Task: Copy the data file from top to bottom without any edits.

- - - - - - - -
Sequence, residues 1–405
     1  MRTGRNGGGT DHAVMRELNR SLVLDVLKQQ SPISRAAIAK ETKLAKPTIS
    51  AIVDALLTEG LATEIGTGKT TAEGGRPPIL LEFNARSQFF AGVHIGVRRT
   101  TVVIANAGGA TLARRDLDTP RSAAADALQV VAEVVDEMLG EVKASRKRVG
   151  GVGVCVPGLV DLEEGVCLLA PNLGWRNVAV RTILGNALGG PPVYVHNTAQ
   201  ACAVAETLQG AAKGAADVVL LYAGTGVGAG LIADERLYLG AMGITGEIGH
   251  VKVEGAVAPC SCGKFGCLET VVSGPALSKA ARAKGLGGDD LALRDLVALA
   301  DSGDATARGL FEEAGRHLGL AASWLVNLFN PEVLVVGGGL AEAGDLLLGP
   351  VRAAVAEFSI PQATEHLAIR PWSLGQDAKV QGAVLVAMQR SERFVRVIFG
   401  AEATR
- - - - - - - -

Sequence, residues 1–405
     1  MRTGRNGGGT DHAVMRELNR SLVLDVLKQQ SPISRAAIAK ETKLAKPTIS
    51  AIVDALLTEG LATEIGTGKT TAEGGRPPIL LEFNARSQFF AGVHIGVRRT
   101  TVVIANAGGA TLARRDLDTP RSAAADALQV VAEVVDEMLG EVKASRKRVG
   151  GVGVCVPGLV DLEEGVCLLA PNLGWRNVAV RTILGNALGG PPVYVHNTAQ
   201  ACAVAETLQG AAKGAADVVL LYAGTGVGAG LIADERLYLG AMGITGEIGH
   251  VKVEGAVAPC SCGKFGCLET VVSGPALSKA ARAKGLGGDD LALRDLVALA
   301  DSGDATARGL FEEAGRHLGL AASWLVNLFN PEVLVVGGGL AEAGDLLLGP
   351  VRAAVAEFSI PQATEHLAIR PWSLGQDAKV QGAVLVAMQR SERFVRVIFG
   401  AEATR